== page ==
From the International Society for Evolution, Medicine, and Public Health, one of our readers learned recently,
We are pleased to invite you to join us for a Club EvMed event tomorrow, Tuesday, May 26, 2020 at 12:00pm EDT.
Club EvMed: Evolution in the flesh: How cancer cells evolve to cheat the foundations of multicellular cooperation and what this means for cancer treatment and prevention
Join us for a conversation with Athena Aktipis, Assistant Professor in the Department of Psychology at Arizona State University and co-Director of The Human Generosity Project. She’ll be discussing her new book, The Cheating Cell: How Evolution Helps Us Understand and Treat Cancer.
Cancer began at the dawn of multicellular life. It arises from cheating in the cellular cooperation that usually defines multicellularity: division of labor, restrictions of cellular proliferation and resources use, controls on cell death and more. Because cancer arises from a breakdown of multicellular cooperation, this means that humans are not alone in their struggle with cancer; cancer affects all multicellular life forms from humans to elephants and from coral to cacti. Multicellular life has evolved to keep cancer under control, through mechanisms like the gene TP53, which detects cellular cheating and responds by halting the cell cycle or initiating apoptosis to protect the organism. Treating cancer effectively also requires an understanding of the evolutionary processes among cells within the body. Cancer cells evolve to overproliferate and overconsume resources inside the body. They also evolve resistance when cancer is treated aggressively. By using evolutionarily informed approach to treatment we can transform cancer from being a disease that threatens our lives to one we can live with, as our multicellular ancestors have for millions of years.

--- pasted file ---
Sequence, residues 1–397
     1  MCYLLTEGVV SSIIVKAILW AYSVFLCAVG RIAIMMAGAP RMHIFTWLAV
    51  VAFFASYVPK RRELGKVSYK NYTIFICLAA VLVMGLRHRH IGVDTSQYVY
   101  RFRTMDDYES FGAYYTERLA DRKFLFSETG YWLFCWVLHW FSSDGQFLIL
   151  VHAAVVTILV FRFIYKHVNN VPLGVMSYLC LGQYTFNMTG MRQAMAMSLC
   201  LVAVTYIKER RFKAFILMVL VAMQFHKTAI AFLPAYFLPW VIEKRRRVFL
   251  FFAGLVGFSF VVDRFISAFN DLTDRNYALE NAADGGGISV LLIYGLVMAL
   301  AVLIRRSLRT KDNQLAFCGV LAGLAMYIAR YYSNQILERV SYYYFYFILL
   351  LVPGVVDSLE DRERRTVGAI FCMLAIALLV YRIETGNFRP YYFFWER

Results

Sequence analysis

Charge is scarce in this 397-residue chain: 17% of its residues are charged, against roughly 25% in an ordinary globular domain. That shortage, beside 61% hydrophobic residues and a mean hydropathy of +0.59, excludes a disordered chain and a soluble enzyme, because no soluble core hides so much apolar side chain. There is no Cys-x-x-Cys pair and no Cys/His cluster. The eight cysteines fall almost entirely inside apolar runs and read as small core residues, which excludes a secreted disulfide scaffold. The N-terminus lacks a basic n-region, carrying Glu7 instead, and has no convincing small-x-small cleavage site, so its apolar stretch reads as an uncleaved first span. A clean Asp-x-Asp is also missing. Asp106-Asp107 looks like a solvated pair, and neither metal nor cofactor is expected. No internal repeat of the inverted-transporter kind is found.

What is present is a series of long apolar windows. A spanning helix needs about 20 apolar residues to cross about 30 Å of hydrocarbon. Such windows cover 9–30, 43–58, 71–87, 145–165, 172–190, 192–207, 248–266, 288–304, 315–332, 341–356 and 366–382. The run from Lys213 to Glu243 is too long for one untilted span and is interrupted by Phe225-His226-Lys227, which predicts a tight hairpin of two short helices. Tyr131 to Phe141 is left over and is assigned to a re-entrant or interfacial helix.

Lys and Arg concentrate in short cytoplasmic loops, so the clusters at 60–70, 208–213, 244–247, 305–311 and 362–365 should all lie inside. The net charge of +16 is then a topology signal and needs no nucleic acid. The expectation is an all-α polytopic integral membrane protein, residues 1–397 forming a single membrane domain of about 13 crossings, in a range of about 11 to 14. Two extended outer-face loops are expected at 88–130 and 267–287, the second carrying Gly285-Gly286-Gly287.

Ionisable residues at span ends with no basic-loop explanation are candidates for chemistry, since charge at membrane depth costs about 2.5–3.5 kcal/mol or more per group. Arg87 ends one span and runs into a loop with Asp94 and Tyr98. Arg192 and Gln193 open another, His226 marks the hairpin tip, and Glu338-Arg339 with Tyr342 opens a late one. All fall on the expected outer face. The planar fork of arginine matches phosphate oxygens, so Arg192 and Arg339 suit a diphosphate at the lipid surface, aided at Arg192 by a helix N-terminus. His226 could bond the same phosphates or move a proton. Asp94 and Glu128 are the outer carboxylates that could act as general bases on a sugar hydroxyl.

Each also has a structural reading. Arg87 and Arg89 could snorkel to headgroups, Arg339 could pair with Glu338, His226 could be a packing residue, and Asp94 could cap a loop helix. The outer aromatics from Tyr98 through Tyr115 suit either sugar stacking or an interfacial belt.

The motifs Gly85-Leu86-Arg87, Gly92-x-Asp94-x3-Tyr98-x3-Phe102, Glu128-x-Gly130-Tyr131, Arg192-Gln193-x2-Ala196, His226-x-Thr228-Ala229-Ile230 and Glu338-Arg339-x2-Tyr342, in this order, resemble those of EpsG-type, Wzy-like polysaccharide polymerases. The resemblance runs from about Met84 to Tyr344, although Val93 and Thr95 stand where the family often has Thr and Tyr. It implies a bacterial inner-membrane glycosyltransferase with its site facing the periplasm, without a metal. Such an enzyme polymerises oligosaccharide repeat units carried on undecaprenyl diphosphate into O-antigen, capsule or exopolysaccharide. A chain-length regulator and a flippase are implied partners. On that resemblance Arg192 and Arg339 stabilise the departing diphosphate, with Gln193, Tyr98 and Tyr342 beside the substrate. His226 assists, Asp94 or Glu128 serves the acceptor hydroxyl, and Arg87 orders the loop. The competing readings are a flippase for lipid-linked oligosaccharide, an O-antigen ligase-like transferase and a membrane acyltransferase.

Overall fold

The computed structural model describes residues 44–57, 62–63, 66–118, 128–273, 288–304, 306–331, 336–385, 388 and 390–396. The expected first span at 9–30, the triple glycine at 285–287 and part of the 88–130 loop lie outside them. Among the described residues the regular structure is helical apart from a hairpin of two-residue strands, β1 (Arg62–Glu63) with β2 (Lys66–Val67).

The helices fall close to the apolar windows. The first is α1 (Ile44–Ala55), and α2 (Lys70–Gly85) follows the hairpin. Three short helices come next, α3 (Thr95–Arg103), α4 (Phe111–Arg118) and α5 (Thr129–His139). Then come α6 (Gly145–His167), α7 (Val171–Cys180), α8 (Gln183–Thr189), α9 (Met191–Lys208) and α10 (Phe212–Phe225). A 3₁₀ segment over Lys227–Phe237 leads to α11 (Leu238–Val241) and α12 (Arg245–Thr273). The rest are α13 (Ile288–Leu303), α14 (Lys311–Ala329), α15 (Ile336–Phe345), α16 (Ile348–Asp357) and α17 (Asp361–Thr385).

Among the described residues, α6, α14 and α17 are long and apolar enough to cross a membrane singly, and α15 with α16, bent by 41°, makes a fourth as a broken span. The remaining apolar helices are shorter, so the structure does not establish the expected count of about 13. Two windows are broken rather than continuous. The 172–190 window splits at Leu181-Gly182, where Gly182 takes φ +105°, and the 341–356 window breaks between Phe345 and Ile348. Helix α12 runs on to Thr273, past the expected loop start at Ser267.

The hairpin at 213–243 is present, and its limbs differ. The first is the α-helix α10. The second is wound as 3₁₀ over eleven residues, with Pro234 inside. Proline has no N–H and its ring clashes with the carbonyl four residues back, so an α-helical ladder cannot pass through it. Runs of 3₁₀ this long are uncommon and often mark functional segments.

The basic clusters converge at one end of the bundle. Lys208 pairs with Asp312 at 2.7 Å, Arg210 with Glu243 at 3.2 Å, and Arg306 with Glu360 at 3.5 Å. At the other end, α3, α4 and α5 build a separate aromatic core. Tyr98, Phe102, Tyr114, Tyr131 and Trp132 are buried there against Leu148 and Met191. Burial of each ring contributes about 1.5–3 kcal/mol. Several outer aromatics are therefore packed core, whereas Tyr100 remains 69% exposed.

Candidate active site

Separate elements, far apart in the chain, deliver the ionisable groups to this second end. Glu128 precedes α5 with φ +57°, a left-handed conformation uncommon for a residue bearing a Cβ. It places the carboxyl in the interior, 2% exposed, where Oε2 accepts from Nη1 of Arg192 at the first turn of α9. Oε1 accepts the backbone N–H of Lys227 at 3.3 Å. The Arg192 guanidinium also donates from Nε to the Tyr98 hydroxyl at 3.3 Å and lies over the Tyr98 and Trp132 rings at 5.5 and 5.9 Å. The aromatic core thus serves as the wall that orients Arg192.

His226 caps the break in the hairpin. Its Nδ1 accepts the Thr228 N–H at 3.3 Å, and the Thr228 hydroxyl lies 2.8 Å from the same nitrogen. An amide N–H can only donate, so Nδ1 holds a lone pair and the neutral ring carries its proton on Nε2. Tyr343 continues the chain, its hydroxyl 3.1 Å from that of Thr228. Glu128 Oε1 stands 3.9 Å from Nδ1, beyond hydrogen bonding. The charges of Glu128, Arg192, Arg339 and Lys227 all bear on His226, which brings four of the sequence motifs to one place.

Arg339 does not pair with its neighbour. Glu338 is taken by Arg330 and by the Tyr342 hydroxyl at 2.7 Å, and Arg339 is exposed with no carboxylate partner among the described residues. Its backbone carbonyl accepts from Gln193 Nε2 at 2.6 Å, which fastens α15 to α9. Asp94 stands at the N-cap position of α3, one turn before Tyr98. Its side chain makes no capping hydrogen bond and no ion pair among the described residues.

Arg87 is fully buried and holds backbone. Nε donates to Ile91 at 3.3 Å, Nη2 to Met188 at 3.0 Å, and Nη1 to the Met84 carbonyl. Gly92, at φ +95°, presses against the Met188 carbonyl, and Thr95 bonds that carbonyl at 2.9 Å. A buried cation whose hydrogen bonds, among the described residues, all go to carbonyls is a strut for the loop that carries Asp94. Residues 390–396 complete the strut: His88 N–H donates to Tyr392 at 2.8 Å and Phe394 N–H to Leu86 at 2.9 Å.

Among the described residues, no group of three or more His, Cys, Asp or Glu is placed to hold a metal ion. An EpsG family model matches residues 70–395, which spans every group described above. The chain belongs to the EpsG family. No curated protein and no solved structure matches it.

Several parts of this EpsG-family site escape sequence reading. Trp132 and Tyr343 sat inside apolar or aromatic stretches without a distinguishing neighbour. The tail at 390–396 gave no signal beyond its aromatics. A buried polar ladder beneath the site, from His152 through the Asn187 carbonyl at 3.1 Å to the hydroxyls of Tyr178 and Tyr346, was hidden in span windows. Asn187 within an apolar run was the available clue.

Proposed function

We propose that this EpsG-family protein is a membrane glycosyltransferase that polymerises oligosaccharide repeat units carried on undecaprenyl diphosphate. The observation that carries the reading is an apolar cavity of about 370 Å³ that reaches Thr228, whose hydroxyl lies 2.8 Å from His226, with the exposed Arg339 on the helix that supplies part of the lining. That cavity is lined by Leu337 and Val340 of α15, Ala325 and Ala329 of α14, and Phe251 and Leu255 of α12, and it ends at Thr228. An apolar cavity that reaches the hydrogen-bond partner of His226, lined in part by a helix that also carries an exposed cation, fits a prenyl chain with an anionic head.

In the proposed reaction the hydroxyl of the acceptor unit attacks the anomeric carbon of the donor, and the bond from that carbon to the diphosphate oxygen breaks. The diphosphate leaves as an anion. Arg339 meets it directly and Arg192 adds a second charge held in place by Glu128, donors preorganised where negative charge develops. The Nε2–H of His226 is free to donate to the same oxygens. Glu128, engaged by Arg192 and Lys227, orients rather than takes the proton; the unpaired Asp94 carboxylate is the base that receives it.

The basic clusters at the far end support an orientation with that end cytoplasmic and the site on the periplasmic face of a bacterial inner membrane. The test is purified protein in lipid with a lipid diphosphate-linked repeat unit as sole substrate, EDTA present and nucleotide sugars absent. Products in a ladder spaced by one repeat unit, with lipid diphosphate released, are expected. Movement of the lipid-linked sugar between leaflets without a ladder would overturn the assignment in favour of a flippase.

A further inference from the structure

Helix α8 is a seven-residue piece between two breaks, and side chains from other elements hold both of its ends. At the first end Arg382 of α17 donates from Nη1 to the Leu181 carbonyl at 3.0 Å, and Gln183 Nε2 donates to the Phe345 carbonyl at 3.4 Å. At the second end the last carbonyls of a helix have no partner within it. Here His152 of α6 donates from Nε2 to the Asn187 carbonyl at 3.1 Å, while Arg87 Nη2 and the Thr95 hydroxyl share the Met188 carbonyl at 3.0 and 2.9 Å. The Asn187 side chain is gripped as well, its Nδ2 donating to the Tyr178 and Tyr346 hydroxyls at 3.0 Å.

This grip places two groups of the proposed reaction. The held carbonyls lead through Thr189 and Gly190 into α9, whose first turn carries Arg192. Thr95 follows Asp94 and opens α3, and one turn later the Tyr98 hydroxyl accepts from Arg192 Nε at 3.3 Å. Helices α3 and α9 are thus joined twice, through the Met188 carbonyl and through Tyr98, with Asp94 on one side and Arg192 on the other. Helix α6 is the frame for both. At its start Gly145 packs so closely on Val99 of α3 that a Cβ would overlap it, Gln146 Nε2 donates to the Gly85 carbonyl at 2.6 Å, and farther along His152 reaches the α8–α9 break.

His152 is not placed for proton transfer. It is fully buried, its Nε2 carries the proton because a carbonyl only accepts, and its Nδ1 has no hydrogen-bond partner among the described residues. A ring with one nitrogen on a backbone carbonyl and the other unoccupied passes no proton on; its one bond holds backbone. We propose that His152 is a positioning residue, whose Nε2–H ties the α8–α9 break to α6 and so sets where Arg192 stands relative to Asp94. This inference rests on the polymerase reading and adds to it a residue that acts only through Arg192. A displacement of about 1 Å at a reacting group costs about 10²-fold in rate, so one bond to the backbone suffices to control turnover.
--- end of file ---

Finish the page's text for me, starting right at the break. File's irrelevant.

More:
Why is it that naturalism ends up sounding so much like folklore? Cells “cheat,” which means they can think like people, right? Oh wait. The mind is an illusion … but anyway, cells “think”? Sure. That’ll work.
See: Imagine a world of religions that naturalism might indeed be able to explain